In its refunding policies one large issuer (and my banking friends know…) has indicated that it wants banks trying to get refunding business to provide the “estimated value of the advance refunding option (incremental to the value of the call/current refunding option).” This leaves a lot of room for interpretation and frankly, leaves many scratching their head. In this article we try to provide some clarity. There are 3 things that must necessarily impact any estimate of the “value of the advance refunding option.”
- Refunding Policy
The issuer in question uses “85% refunding efficiency” as the exercise heuristic that indicates a time to refund. If they used 75% or 95% (and why not?) then these changes would necessary lead to different option values. Though some may try to argue otherwise, this is simple financial reality – the decision trigger upon which an option is exercised MUST impact the value of the option. How could it not? Fortunately, there’s good research on which refunding policies work and which don’t both historically back-tested and on a prospective basis using a real-world market model. For the Cliff notes I just wrote an article on the one that works best in both environments. And its simple too - fancy models need not apply.
- Yield Curve / Rate View
The hard thing about refunding timing is that it necessarily involves an interest rate call. The muni market is not and, unless tax law changes, never will approach the nice, antiseptic, no-arbitrage market required by standard option models. Issuers have real skin in the game, can’t hedge their positions, and as such fall into the uncomfortable world of rate risk management. So no refunding decision criteria can fully divorce itself from at least an implied rate view. And researches from the SanFran Fed just recently cautioned against using market implied measures (read “forward rates”) for policy purposes.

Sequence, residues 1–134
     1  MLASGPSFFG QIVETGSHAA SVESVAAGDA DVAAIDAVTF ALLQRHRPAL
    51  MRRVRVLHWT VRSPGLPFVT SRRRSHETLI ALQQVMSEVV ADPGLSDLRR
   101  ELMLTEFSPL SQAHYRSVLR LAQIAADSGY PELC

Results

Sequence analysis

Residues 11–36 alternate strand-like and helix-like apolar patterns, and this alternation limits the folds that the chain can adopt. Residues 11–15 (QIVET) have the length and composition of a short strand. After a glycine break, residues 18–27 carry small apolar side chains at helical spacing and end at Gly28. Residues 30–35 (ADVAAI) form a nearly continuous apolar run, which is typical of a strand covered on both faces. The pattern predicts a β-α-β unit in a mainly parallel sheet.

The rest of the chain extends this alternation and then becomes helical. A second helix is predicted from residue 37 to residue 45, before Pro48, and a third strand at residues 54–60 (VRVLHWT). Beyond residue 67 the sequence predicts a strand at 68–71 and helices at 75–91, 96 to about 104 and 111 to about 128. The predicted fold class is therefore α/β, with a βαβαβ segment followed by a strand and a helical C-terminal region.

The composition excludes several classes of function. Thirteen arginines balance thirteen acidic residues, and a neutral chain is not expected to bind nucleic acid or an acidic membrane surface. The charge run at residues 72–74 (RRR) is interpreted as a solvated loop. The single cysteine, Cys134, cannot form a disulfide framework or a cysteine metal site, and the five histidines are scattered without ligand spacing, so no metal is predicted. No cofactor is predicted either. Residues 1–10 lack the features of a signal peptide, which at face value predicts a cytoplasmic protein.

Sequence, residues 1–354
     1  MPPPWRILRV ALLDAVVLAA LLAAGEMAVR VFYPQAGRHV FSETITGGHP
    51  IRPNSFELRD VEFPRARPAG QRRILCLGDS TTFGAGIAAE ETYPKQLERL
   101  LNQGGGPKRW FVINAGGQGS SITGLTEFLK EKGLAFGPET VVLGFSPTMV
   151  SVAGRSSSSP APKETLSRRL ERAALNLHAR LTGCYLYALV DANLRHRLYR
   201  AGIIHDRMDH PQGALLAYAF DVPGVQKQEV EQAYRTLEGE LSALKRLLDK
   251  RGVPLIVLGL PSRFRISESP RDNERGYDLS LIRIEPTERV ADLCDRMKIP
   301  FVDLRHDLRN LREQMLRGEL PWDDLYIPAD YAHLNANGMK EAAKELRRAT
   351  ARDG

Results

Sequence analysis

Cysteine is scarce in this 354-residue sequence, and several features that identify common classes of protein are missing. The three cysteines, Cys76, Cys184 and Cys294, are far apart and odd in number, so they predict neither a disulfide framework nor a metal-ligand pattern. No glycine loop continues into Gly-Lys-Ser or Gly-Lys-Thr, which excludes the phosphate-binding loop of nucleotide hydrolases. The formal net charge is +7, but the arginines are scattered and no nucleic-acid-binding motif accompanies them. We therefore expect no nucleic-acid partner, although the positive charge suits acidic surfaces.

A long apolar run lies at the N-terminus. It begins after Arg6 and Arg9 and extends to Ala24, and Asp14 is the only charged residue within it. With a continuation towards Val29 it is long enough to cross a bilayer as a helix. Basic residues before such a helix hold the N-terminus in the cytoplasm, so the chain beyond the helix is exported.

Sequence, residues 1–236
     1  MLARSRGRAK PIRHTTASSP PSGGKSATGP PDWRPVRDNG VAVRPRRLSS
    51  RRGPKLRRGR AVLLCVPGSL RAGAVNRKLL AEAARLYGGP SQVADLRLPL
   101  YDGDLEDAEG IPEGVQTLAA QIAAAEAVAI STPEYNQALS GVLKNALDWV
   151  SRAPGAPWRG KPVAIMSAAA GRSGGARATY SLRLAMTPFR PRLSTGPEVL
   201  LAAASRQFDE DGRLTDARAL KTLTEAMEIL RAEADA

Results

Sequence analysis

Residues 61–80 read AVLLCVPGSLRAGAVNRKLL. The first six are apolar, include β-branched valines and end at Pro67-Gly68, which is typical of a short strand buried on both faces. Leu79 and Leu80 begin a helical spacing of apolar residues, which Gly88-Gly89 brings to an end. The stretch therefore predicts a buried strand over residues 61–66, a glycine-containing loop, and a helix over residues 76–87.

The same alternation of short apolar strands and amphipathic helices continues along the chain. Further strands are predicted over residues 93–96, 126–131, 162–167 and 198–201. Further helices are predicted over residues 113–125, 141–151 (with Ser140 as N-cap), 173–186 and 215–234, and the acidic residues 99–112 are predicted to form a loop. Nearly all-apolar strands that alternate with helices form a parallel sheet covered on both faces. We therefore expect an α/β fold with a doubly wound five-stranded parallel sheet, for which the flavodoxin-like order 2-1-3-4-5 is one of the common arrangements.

- Muni / taxable view
But how are these two interrelated but very different markets modeled? What factors drive their variability and what is the correlation between them? Unfortunately there are no observable options that trade where we could see the market implied correlation between munis and US Treasuries. This is another reason why a real-world model is necessary. But any model that credibly handles this multi-market modeling should fully describe how this bridge is traversed; it’s both treacherous and fundamental to the analysis.
Advance Refunding “Option” – Some Real-World Results
Enough gum flapping. Let’s look at some numbers. We created simulated yield curves using our MarketMaker model. Although we created 5 correlated market simulations simultaneously (AAA, AA, A, BBB tax-exempt and SLGS), we assume the issuer is AA and use SLGS markets for the escrow; in the end we only use 2 of the 5. We included 25 years of yield data as input to the variability in the model. Given the eight tenors per market this is a 40 factor model perfectly reproducing the inter- and intra-market correlations/covariance of all 40 tenors.
Now let's look at two bonds. They both are 5% coupons maturing in 25 years, callable in 5 (5% 25NC5), but one is advance refundable and one is not. Given my comment above about the importance of a market view we examine these two bonds under three different expected yield curve scenarios, ‘Low’,’Medium’, and ‘High.’